]. Understanding the extent to which this social process is fluid and consequential for health during this transitional period can also provide us with necessary insights into improving the design of effective early interventions to promote health and reduce inequities over the life course.
      The Global Early Adolescent Study (GEAS) is the first international multisite study to focus on gender socialization and health in early adolescence. As such, it offers a unique perspective to support theory and practice in the realm of gender and health, using nuanced and validated measures to shed light on young people's perceptions of gender, how these perceptions evolve across adolescence, and their relevance in shaping their health and well-being.

      Gender Socialization Contributes to Exposures and Practices that are Detrimental to Boys' and Girls' Health

      The empirical findings from the GEAS support the notion of a ubiquitous patriarchal system that acts as an important social force informing young girls' and boys' health exposures, behaviors, and outcomes. In the present supplement, Mmari et al [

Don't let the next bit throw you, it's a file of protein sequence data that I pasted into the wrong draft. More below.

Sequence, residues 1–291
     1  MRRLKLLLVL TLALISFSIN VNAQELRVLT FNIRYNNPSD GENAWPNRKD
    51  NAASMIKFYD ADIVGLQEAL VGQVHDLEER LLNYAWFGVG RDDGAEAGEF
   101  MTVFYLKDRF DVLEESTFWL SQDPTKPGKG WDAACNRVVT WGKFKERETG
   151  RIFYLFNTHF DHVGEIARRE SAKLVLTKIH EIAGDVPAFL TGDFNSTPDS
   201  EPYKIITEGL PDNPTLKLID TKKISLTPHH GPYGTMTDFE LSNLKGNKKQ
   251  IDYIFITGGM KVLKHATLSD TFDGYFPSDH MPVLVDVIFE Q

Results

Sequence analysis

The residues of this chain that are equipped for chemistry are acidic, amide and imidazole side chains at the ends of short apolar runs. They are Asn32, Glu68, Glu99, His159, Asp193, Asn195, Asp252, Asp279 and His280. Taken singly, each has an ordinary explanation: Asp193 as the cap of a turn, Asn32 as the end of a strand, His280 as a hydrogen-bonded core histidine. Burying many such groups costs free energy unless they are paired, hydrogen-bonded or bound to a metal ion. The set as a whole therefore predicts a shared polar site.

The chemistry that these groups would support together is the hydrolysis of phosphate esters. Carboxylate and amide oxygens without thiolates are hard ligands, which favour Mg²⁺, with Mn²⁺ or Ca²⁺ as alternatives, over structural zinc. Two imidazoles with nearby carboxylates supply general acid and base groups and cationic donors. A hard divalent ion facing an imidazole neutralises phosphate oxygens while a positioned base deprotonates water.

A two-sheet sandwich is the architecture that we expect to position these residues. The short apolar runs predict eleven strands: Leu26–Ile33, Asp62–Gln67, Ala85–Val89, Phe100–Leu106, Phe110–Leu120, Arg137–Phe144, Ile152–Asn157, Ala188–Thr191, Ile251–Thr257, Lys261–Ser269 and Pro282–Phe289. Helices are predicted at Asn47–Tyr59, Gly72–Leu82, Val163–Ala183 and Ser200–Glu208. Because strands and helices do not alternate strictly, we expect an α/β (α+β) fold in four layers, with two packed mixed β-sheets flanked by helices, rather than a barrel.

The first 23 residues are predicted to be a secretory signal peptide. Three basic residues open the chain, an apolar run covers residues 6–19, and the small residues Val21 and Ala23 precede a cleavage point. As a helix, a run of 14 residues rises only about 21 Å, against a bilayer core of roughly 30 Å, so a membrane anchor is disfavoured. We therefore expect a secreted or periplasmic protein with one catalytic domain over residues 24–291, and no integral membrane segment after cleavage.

• Mmari K.
      • Blum R.
      • Cooper D.
      • et al.
      The social contexts of early adolescents in the global early adolescent study.
      ] highlight systematic differences in the social context of boys and girls across a diversity of sociocultural settings. Their results are consistent with prior GEAS qualitative research [
      • Mmari K.
      • Gibbs S.
      • Moreau C.
      • et al.
      I’ve grown; I can’t go out anymore’: Perceived risks for girls and boys entering adolescence.
      ] that highlights the different ways in which boys and girls are socialized, which in turn can contribute toward differences in health exposures, behaviors, and outcomes across the life course [